Here are some notes on how I’d go about it, and most of the math worked out. Hopefully I’ve provided sufficient explanations.
The 3D physics of the ball is probably the easiest. We already have xy and we can do z with a instance variable. Just add three other instance variables to keep track of velocities: vx,vy,vz. Also we can use a variable g for gravity.
Then the motion can be done with:
Add g*dt to vz
Set x to x+vx*dt
Set y to y+vy*dt
Set z to z+vz*dt
The result is parabolic motion on the z axis. You can make it bounce off the ground with:
— set z to -abs(z)
You can control where the ball will land by setting the initial velocities.
t = distance(x,y, goalx, goaly)/speed
Vx = (goalx-x) /t
Vy = (goaly-y) /t
Vy = -g*t
To see the z motion we need to rotate everything around in 3D somehow. You can do that on the same objects, but it’s probably simpler to just position new objects from the old ones. It turns out a 3D rotation is basically the same as a 2d one.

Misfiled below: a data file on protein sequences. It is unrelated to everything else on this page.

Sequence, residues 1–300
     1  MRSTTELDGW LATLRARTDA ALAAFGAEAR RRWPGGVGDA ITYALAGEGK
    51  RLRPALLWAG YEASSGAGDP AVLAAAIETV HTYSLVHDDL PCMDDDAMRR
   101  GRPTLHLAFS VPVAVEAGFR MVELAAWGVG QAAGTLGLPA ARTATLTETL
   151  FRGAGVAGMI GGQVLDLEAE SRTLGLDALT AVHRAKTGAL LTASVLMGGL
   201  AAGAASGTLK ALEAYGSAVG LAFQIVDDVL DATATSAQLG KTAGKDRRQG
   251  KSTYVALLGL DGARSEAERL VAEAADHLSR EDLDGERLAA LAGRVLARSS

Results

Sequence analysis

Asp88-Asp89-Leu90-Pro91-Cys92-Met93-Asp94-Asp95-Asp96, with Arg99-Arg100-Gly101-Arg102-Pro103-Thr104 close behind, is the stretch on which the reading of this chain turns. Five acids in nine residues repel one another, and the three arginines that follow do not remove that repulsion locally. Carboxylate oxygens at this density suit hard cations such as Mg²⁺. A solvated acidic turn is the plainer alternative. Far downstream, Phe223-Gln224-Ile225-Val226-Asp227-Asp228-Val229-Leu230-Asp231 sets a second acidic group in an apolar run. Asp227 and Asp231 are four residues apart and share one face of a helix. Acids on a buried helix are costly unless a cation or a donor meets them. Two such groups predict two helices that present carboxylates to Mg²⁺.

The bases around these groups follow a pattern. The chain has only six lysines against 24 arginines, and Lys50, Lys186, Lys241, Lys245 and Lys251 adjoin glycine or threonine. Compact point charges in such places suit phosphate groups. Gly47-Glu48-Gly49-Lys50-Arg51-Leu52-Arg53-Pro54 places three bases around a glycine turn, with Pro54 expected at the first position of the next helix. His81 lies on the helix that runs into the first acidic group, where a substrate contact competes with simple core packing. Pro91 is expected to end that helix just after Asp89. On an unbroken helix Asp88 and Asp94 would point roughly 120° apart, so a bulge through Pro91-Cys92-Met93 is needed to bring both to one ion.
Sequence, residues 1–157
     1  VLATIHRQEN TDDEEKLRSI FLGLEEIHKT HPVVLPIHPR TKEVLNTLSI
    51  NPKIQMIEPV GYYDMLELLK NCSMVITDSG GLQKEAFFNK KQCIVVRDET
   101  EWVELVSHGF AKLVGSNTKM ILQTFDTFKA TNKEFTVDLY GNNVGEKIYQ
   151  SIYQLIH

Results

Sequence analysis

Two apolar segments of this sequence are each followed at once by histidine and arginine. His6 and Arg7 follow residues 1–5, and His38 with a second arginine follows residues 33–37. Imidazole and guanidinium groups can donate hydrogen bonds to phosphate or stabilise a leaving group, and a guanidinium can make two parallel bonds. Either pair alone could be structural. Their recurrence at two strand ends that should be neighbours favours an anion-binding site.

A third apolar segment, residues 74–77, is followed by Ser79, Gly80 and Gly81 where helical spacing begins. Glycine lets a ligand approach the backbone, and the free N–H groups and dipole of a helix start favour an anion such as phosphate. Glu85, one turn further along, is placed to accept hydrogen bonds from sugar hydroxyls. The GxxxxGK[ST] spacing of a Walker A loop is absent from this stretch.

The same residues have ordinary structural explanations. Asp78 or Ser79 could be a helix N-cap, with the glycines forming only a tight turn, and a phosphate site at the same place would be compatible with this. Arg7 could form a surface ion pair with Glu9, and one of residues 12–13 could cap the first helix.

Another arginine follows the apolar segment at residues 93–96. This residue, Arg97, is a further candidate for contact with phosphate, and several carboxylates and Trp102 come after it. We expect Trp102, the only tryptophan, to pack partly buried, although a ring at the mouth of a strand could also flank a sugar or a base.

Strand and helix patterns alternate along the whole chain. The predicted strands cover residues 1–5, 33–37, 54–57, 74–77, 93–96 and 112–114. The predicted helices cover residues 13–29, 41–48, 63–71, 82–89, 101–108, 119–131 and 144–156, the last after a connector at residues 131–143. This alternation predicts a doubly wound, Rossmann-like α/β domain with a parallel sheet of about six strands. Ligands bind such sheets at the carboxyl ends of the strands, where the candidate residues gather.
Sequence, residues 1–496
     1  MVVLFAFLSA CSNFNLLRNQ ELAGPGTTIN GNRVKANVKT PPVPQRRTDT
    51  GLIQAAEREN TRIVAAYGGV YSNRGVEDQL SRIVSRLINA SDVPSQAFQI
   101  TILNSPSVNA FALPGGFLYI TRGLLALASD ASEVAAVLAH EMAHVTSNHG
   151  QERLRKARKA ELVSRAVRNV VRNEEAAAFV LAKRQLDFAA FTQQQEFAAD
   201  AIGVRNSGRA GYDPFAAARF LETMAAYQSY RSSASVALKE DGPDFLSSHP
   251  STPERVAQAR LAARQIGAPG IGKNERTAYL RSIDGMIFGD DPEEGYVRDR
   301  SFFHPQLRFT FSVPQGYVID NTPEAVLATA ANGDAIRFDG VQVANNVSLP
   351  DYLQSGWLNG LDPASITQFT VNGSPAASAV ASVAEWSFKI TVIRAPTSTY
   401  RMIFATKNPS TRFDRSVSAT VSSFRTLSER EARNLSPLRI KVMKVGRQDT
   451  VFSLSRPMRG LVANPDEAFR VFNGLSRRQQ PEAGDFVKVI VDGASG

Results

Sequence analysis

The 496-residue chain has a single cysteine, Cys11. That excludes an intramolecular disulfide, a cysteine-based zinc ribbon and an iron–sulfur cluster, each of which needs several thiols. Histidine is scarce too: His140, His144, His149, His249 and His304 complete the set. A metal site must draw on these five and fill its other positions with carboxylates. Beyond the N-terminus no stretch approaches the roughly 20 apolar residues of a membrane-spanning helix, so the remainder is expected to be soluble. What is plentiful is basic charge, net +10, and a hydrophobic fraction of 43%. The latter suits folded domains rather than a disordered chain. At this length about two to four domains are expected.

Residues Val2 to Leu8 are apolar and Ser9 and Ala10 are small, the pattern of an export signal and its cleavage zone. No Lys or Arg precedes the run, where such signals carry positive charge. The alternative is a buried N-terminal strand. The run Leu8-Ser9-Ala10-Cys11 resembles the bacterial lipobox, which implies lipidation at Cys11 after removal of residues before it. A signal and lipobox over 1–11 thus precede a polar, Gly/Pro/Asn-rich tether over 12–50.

Rotate on the YZ plane:
a = the amount to rotate
y, z = the point to rotate
cy, cz = the center of rotation
NewY = (y-cy)*cos(a)-(z-cz)*sin(a)+cy
NewZ = (y-cy)*sin(a)+(z-cz)*cos(a)+cz
We can then add perspective fairly easily. It’s basically just dividing x and y by z.
X,y,z = the position
Cx, cy = the center of perspective
Fov = field of vision. 300 is a decent default.
Eye = camera distance from scene.
NewX = (x-cx)*fov/(z+eye) +cx
NewY = (y-cy)*fov/(z+eye) +cy
Scale = 1*fov/(z+eye)
Perspective is wonky when behind or too close. Increase eye till everything is in front.